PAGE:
Rivers carry plastic debris into the sea
UFZ researchers have proven that large river systems are the main culprits for plastic pollution in the oceans
press release, 17. October 2017
Every year, millions of tonnes of plastic debris ends up in the sea - a global environmental problem with unforeseeable ecological consequences. The path taken by plastic to reach the sea must be elucidated before it will be possible to reduce the volume of plastic input. To date, there was only little information available on this. It has now been followed up by an interdisciplinary research team who were able to show that plastic debris is primarily carried into the sea by large rivers.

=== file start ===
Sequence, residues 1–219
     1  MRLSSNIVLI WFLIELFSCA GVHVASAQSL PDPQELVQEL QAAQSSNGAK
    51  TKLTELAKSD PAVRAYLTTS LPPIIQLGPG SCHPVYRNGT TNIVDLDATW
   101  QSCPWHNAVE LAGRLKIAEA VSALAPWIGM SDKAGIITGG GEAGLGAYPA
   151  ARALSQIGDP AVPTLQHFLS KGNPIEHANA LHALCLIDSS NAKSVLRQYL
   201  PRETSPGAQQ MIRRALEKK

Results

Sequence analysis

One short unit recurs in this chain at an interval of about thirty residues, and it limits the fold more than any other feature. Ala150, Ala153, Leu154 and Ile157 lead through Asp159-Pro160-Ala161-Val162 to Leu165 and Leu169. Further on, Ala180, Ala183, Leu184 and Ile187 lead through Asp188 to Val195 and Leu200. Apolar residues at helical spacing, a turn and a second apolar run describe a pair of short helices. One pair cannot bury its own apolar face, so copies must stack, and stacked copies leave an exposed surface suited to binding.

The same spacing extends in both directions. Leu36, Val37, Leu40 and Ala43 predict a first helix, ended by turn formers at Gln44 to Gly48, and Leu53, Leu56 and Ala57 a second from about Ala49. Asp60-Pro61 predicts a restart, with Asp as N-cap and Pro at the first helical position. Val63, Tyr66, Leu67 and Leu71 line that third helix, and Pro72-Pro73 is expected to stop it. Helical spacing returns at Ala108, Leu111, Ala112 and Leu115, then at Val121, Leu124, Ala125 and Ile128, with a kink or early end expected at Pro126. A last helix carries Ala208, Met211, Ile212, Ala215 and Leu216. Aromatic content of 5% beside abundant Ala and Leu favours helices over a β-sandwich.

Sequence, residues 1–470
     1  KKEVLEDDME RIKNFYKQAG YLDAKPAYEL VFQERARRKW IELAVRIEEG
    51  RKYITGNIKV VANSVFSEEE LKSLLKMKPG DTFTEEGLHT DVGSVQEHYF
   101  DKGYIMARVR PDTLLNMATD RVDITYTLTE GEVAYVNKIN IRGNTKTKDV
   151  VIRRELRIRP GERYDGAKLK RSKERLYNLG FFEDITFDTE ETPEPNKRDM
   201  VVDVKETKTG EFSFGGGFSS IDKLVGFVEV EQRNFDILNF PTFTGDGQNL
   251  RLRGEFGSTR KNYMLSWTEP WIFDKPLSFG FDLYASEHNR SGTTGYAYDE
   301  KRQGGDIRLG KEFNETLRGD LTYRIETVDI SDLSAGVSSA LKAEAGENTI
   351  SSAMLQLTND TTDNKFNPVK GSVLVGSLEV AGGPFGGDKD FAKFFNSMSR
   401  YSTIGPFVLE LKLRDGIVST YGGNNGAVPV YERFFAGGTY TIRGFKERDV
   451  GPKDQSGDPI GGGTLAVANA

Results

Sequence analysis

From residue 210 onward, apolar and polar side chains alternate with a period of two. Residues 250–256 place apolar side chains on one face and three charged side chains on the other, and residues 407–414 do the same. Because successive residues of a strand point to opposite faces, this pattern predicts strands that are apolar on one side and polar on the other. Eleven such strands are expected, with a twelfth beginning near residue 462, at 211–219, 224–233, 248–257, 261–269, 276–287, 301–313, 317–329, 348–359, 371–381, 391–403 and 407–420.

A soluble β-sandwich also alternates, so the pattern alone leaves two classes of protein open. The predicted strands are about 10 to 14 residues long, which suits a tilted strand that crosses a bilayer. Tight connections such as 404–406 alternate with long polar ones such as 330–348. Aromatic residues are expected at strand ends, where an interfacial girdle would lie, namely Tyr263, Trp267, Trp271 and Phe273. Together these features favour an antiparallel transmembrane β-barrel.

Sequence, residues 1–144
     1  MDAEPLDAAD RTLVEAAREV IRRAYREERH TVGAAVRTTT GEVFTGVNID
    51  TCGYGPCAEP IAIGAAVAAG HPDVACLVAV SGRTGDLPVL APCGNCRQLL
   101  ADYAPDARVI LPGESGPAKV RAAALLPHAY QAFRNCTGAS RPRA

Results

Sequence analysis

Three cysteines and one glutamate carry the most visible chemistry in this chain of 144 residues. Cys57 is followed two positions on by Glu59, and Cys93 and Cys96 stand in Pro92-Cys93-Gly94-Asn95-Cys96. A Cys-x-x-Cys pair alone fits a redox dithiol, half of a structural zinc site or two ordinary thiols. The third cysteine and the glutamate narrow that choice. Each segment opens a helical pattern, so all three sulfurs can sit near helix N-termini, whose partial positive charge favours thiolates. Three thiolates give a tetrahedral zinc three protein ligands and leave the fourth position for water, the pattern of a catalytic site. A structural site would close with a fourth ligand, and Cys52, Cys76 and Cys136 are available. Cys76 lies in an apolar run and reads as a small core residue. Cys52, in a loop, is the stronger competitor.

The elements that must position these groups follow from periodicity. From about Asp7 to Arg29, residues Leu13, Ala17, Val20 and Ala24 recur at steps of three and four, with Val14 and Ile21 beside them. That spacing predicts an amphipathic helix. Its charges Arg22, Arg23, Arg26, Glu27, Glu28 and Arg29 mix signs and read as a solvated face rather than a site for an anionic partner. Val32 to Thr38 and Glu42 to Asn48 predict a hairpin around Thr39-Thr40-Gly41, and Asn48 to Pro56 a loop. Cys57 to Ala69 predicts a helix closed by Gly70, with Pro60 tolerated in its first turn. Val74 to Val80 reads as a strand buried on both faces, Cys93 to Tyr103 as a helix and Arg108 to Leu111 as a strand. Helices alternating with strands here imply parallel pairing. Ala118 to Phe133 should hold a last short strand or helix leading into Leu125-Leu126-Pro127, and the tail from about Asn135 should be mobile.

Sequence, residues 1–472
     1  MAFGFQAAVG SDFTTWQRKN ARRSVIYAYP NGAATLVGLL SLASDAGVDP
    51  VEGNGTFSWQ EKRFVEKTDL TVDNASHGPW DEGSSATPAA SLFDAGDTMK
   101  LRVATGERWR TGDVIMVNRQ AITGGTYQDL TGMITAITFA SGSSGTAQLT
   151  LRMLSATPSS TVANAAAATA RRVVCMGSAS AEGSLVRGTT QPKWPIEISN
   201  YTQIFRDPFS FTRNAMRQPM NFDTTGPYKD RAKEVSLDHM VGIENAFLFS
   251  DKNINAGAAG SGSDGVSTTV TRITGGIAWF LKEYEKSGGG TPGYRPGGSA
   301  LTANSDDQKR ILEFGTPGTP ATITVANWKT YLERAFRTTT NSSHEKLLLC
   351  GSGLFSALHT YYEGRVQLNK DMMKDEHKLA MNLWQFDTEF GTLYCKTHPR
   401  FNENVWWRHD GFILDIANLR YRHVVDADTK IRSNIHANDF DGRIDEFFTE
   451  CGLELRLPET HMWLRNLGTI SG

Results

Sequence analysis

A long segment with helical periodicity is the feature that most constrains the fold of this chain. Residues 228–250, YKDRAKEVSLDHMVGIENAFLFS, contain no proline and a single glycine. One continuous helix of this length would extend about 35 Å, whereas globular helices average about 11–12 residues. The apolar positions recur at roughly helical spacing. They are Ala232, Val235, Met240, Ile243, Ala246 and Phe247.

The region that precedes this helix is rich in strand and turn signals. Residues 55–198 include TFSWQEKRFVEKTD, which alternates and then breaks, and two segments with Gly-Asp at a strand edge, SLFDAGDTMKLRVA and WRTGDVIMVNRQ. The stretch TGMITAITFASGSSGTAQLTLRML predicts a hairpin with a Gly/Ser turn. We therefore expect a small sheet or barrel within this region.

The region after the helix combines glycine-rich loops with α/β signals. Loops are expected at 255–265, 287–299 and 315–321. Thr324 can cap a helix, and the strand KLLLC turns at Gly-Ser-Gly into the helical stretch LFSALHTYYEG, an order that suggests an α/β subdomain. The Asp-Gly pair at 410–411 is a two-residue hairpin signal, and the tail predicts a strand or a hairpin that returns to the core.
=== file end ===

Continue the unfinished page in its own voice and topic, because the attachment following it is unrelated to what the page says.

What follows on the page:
In the meantime, minute plastic particles can be found in the water in virtually every sea and river. This constitutes a serious and growing global environmental problem. There are enormous quantities of input each year and plastic weathers only very slowly. Marine life can be harmed by the tiny plastic particles floating in the water. One example of how this happens is when fish, seabirds or marine mammals mistake the particles for food and consume them. "It is still impossible to foresee the ecological consequences of this. One thing is certain, however: this situation cannot continue," says Dr. Christian Schmidt, a hydrogeologist at the UFZ. "But as it is impossible to clean up the plastic debris that is already in the oceans, we must take precautions and reduce the input of plastic quickly and efficiently."
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